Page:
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aio_cancel(2) [freebsd man page]

AIO_CANCEL(2)						      BSD System Calls Manual						     AIO_CANCEL(2)

NAME
aio_cancel -- cancel an outstanding asynchronous I/O operation (REALTIME) LIBRARY
Standard C Library (libc, -lc) SYNOPSIS
#include <aio.h> int aio_cancel(int fildes, struct aiocb *iocb); DESCRIPTION
The aio_cancel() system call cancels the outstanding asynchronous I/O request for the file descriptor specified in fildes. If iocb is speci- fied, only that specific asynchronous I/O request is cancelled. Normal asynchronous notification occurs for cancelled requests. Requests complete with an error result of ECANCELED. RESTRICTIONS
The aio_cancel() system call does not cancel asynchronous I/O requests for raw disk devices. The aio_cancel() system call will always return AIO_NOTCANCELED for file descriptors associated with raw disk devices. RETURN VALUES
The aio_cancel() system call returns -1 to indicate an error, or one of the following: [AIO_CANCELED] All outstanding requests meeting the criteria specified were cancelled. [AIO_NOTCANCELED] Some requests were not cancelled, status for the requests should be checked with aio_error(2). [AIO_ALLDONE] All of the requests meeting the criteria have finished. ERRORS
An error return from aio_cancel() indicates: [EBADF] The fildes argument is an invalid file descriptor. SEE ALSO
aio_error(2), aio_read(2), aio_return(2), aio_suspend(2), aio_write(2), aio(4) STANDARDS
The aio_cancel() system call is expected to conform to the IEEE Std 1003.1 (``POSIX.1'') standard. HISTORY
The aio_cancel() system call first appeared in FreeBSD 3.0. The first functional implementation of aio_cancel() appeared in FreeBSD 4.0. AUTHORS
This manual page was originally written by Wes Peters <wes@softweyr.com>. Christopher M Sedore <cmsedore@maxwell.syr.edu> updated it when aio_cancel() was implemented for FreeBSD 4.0. BSD
January 19, 2000 BSD

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AIO_CANCEL(3)						     Linux Programmer's Manual						     AIO_CANCEL(3)

NAME
aio_cancel - cancel an outstanding asynchronous I/O request SYNOPSIS
#include <aio.h> int aio_cancel(int fd, struct aiocb *aiocbp); Link with -lrt. DESCRIPTION
The aio_cancel() function attempts to cancel outstanding asynchronous I/O requests for the file descriptor fd. If aiocbp is NULL, all such requests are canceled. Otherwise, only the request described by the control block pointed to by aiocbp is canceled. (See aio(7) for a description of the aiocb structure.) Normal asynchronous notification occurs for canceled requests (see aio(7) and sigevent(7)). The request return status (aio_return(3)) is set to -1, and the request error status (aio_error(3)) is set to ECANCELED. The control block of requests that cannot be canceled is not changed. If the request could not be canceled, then it will terminate in the usual way after performing the I/O operation. (In this case, aio_error(3) will return the status EINPROGRESSS.) If aiocbp is not NULL, and fd differs from the file descriptor with which the asynchronous operation was initiated, unspecified results occur. Which operations are cancelable is implementation-defined. RETURN VALUE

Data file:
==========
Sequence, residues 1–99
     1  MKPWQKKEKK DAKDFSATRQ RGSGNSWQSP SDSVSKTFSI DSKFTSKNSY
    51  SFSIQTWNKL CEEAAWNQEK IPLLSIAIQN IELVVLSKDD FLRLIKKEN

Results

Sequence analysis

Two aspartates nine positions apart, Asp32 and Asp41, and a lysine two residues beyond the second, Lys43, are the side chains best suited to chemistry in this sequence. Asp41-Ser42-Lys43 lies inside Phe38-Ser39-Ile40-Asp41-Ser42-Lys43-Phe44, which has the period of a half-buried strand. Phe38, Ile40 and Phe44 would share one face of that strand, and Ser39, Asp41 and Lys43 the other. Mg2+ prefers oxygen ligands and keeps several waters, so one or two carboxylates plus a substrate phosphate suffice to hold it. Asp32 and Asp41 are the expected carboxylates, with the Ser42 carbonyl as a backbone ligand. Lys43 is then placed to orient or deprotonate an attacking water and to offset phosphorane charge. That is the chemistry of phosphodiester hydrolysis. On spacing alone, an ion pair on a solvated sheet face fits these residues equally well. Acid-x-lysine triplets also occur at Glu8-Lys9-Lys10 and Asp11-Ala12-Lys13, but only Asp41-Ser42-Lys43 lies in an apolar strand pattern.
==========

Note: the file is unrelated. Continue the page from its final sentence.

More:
The aio_cancel() function returns one of the following values: AIO_CANCELED All requests were successfully canceled. AIO_NOTCANCELED At least one of the requests specified was not canceled because it was in progress. In this case, one may check the status of indi- vidual requests using aio_error(3). AIO_ALLDONE All requests had already been completed before the call. -1 An error occurred. The cause of the error can be found by inspecting errno. ERRORS
EBADF fd is not a valid file descriptor. ENOSYS aio_cancel() is not implemented. VERSIONS
The aio_cancel() function is available since glibc 2.1. CONFORMING TO
POSIX.1-2001, POSIX.1-2008. EXAMPLE
See aio(7). SEE ALSO
aio_error(3), aio_fsync(3), aio_read(3), aio_return(3), aio_suspend(3), aio_write(3), lio_listio(3), aio(7) COLOPHON
This page is part of release 3.44 of the Linux man-pages project. A description of the project, and information about reporting bugs, can be found at http://www.kernel.org/doc/man-pages/. 2012-05-08 AIO_CANCEL(3)
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